PODCAST: Inside Berklee—Sheldon Mirowitz
The Artist captured audiences and critics, earning it the Oscar for Best Picture and the distinction of bringing newfound attention to silent films. The Berklee Silent Film Orchestra has been carving a corner on that market, too. Under the direction of film scoring professor Sheldon Mirowitz, students compose original scores to classic silent movies and perform them live-to-picture on the big screen. The without-a-net element adds another layer to the communal movie-going experience.
Each semester Mirowitz's class, Scoring Silent Films, takes on a new project. Students have composed and performed three silent scores: Sunrise (1927), It (1927), and Battleship Potemkin (1925). They debuted at Brookline's Coolidge Corner Theatre, which commissioned the works, and Berklee took Sergei Eisenstein's Potemkin on the road for a packed performance at Washington, D.C.'s Kennedy Center. For Potemkin, five students each conducted the reel they composed, passing the baton between reels, and spotters ensured the music of the 10-piece orchestra matched up with the picture.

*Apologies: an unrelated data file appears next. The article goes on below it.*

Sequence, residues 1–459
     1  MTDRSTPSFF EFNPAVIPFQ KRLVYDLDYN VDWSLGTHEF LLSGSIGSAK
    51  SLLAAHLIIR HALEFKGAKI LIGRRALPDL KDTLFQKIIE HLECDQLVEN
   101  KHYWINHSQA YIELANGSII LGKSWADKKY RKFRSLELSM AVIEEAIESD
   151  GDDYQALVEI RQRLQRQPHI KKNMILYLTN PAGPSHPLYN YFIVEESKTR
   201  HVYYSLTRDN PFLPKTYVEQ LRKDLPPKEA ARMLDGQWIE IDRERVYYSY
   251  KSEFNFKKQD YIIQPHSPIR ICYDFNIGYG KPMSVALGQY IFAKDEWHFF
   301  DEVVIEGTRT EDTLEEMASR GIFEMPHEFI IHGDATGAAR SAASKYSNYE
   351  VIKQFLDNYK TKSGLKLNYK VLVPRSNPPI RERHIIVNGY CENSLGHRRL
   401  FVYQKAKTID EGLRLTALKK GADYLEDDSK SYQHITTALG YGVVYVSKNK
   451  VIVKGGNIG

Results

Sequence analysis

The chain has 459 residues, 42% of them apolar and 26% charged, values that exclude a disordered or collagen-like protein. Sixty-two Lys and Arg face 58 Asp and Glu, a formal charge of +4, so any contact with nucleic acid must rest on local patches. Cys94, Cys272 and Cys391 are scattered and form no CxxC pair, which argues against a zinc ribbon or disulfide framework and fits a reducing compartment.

The Kennedy Center audience was rapt with attention as the dramatic score punctuated the emotion in the tale of a 1905 mutiny aboard the Russian battleship when the sailors rebelled against their Tsarist leaders. While the score itself is remarkable, the synchronization to the film with such seamless precision is another feat altogether.
"It's a really good score," Mirowitz said of Potemkin. "All three of our projects are legitimate scores."
Next up is E.A. Dupont's Piccadilly starring Anna Mae Wong on May 7 at the Coolidge Corner Theatre in Brookline.
Hear Mirowitz talk about the complexity of composing for and performing to silent film, and how Berklee students more than live up to the task.